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US State Department told Congress Iran envoy was on leave due to illness in family: Report

Shake-up with US-Iran negotiator comes as Washington expresses frustration to Israel about leaks
Rob Malley has been critical of Israeli policies against Palestinians (AFP/File photo)

US Special Envoy for Iran Robert Malley has been placed on unpaid leave, the State Department said on Thursday, amid reports that he is under investigation for mishandling classified material.

"I have been informed that my security clearance is under review," Malley told reporters on Thursday. "I have not been provided any further information, but I expect the investigation to be resolved favourably and soon. In the meantime, I am on leave."

"Rob Malley is on leave and Abram Paley is serving as acting special envoy for Iran and leading the department's work in this area," US State Department spokesperson Matt Miller said in an emailed comment on Thursday, without elaborating.

The statements followed a report by Iran International news channel that Malley was under investigation, with one source saying his case was being reviewed by the FBI. Later in the day, CNN and the Washington Post reported that Malley had been placed on unpaid leave. According to CNN, Malley's clearance had been suspended within the last two months.

Iran hawks in Washington have zeroed in on the reports of a shakeup. Republican Congressman Michael McCaul said that Malley's absence raised questions about whether the State Department had misled Congress and the US public, CNN reported on Friday.

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'Unable to testify due to the illness' 

"Senior State Department officials informed the committee that Special Envoy Malley was unable to testify or brief because he was on personal leave due to the illness of a close family member, for which my staff expressed sympathy. At no point did the department indicate that Special Envoy Malley's security clearance was suspended or under review, or that he was being investigated for potential misconduct," McCaul wrote.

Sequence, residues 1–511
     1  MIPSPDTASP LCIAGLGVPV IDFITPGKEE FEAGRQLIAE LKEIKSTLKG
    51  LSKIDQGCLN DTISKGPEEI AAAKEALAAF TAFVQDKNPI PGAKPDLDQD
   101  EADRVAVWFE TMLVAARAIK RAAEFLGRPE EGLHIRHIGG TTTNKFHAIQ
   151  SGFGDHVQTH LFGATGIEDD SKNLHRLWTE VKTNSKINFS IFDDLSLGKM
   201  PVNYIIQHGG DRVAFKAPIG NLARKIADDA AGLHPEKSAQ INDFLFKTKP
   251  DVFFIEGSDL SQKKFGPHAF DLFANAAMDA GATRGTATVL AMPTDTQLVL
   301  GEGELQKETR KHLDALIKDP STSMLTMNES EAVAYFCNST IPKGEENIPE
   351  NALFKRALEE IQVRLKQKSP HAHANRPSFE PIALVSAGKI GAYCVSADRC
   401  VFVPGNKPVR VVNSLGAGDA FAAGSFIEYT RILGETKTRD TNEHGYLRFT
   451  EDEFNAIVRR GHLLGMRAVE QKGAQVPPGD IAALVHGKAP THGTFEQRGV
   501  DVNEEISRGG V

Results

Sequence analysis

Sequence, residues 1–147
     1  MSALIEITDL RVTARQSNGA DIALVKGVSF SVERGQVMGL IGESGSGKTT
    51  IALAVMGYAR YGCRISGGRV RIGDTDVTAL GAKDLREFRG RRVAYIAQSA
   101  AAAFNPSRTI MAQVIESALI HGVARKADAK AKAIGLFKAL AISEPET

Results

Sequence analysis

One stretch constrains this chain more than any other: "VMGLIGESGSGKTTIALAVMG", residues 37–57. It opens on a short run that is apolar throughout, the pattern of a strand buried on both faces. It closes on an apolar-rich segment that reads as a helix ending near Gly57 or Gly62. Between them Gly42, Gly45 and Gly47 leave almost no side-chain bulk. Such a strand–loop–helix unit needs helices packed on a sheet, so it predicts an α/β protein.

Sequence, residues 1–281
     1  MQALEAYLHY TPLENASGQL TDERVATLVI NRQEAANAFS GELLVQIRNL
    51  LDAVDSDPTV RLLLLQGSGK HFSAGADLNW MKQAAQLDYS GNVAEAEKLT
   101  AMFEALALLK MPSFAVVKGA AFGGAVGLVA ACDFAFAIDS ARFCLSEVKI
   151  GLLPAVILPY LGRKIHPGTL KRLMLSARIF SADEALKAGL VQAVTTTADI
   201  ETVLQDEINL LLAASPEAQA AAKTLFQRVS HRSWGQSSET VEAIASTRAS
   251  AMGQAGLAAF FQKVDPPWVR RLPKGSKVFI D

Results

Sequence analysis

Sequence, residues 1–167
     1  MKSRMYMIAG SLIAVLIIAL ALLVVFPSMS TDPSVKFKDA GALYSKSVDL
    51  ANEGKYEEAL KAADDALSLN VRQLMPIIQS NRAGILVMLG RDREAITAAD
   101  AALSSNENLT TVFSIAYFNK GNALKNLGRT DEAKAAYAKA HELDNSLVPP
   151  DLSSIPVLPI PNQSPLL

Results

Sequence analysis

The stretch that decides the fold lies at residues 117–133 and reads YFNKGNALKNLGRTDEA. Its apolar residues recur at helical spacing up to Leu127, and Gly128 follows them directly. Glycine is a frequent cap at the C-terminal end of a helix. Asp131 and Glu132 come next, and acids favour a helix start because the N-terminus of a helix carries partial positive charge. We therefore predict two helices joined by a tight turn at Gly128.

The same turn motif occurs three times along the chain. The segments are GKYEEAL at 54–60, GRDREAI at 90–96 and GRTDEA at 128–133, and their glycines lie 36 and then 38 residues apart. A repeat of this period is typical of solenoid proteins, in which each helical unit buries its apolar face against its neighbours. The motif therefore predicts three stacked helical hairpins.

McCaul is opposed to the Biden administration's attempt to reenter the 2015 nuclear deal, and recently warned that the administration was trying to bypass Congress. A longtime Middle East diplomat in Democratic administrations, Malley has faced fierce criticism from Iran hawks and pro-Israel lawmakers.

Malley had led months of indirect negotiations with Iran mediated by the European Union to restore the nuclear deal. He reportedly engaged with the Iranian ambassador to the United Nations as part of those talks, but it is not clear whether the discussions took place before or after his clearance was suspended.

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Malley was conspicuously absent in new indirect talks between the two countries in May that took place in Oman. The White House's Middle East coordinator, Brett McGurk, led those discussions, which saw Omani officials shuttling between the two sides to deliver messages, Axios reported.

Middle East Eye first reported that Iran and the US were nearing a temporary deal to swap some sanctions relief for reducing Iranian uranium enrichment activities.

On Wednesday, MEE reported that efforts to reach an interim nuclear deal faced a setback, with factions in the Iranian ruling establishment disagreeing over US demands on prisoner releases.

Israeli Prime Minister Benjamin Netanyahu himself claimed that Washington and Tehran were closing in on what he called a "mini agreement". 

Malley's absence comes as US National Security Adviser Jake Sullivan reportedly accused Israeli officials of leaking information to the media about ongoing talks, according to Axios. The news site reported that the Biden administration was "frustrated" by Netanyahu's remark about a "mini deal" being hashed out.

Malley is also a close friend of US Secretary of State Antony Blinken. The two attended the same school as children when their families lived in Paris.

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